Assembly Speaker Carl Heastie gave his first broadcast interview to public radio and television. In it, he expressed his frustrations over Gov. Andrew Cuomo’s decision to link numerous unrelated items to the state budget.

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In the latest step in the state budget dance, both houses have released their versions of a state spending plan. The Senate and Assembly each increase education well above Gov. Andrew Cuomo’s proposed level, and each leave key elements of the governor’s plan out.

Both the Assembly and the Senate significantly increase school aid spending from Cuomo’s budget, with the Assembly recommending a $1.8 billion increase, and the Senate proposing $1.9 billion more.

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It was the charter schools’ turn to rally at the state Capitol Wednesday in support of Gov. Andrew Cuomo’s proposal to allow 100 more charter schools in New York.

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Education is one of the biggest issues being debated this year in Albany. Now, Gov.

Ellen Abbott / WRVO News

Central New York educators are galvanizing support as they oppose Gov. Andrew Cuomo’s proposed education policy.

Cuomo is proposing sweeping education reforms as part of his 2015 budget. They include stricter teacher evaluations, tougher tenure rules and expansion of charter schools. In his State of the State message, he tied it all together with money.

"If the legislature passes these reforms, I propose a 4.8 percent increase in the budget. A $1.1 billion investment in education, because it will be the right education system," Cuomo said.

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Gov. Andrew Cuomo said during a stop in Syracuse Wednesday he cares more about upstate New York than previous administrations.

Cuomo says investments in nanotech in Albany and the Buffalo Billion are paying off for those regions. He’s put forward a competition plan for other regions, like Syracuse, to compete for a half billion in aid. And he wants to expand broadband internet coverage across upstate.

Cuomo spent a significant amount of his speech at SUNY-ESF talking about education reform.

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Gov. Andrew Cuomo delivered his joint State of the State and budget message, proposing a $141.6 billion spending plan that in part sets up a show down with teachers and education advocates.

The governor wants 100 more charter schools and an overhaul of teacher evaluations, which he says are “baloney,” because virtually all teachers are rated as adequate.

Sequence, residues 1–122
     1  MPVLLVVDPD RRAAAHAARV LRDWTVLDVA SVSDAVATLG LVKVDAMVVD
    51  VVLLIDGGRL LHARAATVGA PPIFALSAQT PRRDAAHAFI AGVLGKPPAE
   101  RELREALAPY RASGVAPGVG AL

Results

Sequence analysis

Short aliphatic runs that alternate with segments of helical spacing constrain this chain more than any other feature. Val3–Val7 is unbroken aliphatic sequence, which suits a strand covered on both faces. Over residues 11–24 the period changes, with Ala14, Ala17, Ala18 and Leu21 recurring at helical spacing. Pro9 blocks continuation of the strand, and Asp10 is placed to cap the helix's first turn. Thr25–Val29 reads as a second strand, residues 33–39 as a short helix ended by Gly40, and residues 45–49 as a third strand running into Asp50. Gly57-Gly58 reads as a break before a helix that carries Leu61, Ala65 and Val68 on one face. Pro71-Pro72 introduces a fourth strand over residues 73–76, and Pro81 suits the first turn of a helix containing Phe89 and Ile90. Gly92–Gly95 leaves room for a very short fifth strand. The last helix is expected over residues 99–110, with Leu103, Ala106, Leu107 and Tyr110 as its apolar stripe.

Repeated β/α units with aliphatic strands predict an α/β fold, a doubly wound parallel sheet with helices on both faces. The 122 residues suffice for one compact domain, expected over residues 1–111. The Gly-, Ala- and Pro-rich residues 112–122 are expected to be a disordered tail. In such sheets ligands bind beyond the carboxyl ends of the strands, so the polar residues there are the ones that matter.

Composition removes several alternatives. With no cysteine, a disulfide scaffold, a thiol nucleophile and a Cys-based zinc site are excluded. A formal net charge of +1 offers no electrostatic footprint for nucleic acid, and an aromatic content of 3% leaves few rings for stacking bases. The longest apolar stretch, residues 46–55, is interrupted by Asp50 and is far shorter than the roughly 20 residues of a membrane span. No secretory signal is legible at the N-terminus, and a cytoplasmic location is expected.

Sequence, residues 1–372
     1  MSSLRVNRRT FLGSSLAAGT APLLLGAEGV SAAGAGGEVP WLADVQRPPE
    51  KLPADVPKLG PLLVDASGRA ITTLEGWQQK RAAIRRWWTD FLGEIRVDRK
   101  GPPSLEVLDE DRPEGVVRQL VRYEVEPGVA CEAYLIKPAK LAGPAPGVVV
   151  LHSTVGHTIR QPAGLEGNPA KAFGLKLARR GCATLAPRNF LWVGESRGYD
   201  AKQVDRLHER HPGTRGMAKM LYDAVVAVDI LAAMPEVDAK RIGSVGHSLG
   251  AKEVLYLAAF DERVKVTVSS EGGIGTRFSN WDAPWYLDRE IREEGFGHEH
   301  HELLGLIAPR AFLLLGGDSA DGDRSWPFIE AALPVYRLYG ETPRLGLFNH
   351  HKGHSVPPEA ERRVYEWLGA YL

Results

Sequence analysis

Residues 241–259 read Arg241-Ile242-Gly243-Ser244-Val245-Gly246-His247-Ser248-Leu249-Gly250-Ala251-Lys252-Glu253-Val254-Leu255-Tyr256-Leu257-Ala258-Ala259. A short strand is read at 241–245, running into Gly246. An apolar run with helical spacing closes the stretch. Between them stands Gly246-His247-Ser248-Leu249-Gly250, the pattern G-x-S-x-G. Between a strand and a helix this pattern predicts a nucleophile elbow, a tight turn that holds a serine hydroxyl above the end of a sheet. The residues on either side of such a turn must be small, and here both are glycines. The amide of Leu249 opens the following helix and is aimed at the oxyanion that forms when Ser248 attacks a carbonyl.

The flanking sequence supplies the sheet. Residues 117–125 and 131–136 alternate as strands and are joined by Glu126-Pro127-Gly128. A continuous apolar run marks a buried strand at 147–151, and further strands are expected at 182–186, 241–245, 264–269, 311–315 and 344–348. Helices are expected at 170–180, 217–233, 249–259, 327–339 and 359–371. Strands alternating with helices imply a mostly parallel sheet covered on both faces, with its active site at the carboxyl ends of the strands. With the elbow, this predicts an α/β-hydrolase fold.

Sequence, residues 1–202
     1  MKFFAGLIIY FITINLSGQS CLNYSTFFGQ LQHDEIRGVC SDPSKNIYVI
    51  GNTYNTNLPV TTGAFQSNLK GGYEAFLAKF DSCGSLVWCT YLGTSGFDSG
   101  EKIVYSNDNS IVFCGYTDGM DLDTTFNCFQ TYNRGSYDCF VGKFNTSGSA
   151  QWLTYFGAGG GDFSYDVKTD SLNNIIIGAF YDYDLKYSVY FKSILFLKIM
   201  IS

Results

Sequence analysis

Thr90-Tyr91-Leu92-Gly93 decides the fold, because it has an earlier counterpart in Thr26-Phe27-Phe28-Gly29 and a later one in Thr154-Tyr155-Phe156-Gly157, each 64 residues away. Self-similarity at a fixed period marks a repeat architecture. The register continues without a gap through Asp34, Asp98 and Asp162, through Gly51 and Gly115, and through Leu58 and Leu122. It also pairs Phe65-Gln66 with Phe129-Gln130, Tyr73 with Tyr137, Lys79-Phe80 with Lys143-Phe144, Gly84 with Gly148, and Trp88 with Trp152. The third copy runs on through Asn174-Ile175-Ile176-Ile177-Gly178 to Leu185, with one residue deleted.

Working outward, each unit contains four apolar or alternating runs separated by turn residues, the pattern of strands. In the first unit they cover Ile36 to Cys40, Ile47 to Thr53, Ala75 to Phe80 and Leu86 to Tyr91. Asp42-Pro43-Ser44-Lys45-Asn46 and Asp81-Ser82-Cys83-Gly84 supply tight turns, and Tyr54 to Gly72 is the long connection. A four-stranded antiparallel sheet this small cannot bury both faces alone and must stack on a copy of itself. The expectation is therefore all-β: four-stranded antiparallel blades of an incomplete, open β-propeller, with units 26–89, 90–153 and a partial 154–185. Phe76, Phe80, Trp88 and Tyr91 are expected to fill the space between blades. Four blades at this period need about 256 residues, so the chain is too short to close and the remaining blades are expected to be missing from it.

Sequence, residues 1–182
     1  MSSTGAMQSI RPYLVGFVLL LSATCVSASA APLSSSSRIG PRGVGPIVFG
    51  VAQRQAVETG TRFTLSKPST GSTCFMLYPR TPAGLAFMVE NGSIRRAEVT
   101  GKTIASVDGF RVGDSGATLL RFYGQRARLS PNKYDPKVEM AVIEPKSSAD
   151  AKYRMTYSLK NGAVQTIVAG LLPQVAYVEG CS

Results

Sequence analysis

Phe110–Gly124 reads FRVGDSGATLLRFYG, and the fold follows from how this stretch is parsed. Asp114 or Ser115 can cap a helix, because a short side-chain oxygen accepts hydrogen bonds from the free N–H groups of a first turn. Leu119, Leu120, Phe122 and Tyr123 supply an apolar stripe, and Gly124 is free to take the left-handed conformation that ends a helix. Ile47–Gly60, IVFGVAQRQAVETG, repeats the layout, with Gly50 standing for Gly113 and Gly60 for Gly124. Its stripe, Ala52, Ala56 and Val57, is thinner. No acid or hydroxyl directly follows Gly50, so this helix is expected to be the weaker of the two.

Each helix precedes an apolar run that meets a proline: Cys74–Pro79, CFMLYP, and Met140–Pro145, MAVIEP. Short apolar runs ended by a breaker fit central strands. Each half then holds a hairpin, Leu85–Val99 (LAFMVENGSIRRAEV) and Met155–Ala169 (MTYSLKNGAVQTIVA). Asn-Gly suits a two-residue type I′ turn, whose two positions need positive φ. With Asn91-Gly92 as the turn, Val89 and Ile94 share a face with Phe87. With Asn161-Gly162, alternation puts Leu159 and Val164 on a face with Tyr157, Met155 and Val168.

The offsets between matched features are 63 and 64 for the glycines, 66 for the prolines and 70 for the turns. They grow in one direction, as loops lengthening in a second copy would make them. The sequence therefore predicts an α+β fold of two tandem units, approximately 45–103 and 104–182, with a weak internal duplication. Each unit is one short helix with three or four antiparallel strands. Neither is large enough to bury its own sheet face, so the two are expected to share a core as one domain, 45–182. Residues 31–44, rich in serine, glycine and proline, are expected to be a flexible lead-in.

“Ninety-eight percent of the teachers rated effective,” Cuomo said. “Who are we kidding, my friends?”

CUPROF

A major part of Common Core learning standards is a standardized testing system. A system that many have taken issue with.

“I’m all for setting the bar high, but you are setting the bar so high that you are going to defeat a group of people and they’re going to drop out of school,” said parent Lisa Arnone. “As a middle school teacher I already hear them talking. They say ‘they’ll never pass those tests and they’re done.’ And that will be a shame that they will be defeated by these tests.”

Ellen Abbott/WRVO

Syracuse mayoral hopeful Pat Hogan is proposing a ten-point education program for the Syracuse City School District. He's one of four candidates in a Democratic primary for mayor that includes incumbent Stephanie Miner.

Hogan calls education the elephant in the room when it comes to issues facing the city today. He says it's the perceived state of the city schools that drives many families to the suburbs.   

Teachers continue to fight what they call the over testing and underfunding of education in New York state. Hundreds of teachers from central New York joined a rally in Albany this weekend to continue pressing the state for change.

In all, thousands of teachers were at the rally organized by the New York State United Teachers Union.

The research on this is pretty clear: between the ages one and five, the human brain develops faster than at any other time. In Chemung County, a project called the School Readiness Project sends nurses to the hospital whenever a baby is born.

Governor Andrew Cuomo’s Commission on Education Reform got an earful at a public hearing held at the state Capitol today, as speaker after speaker complained about a statewide school system that they say is in disarray.

Speakers voiced a litany of complaints to the commission, ranging from over-testing of students, excessive teacher bashing, and school districts drowning in debt.

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Governor Andrew Cuomo named a blue ribbon commission to look at the problems facing education in New York, instructing them to come back with an “action plan” not a “theoretical document.”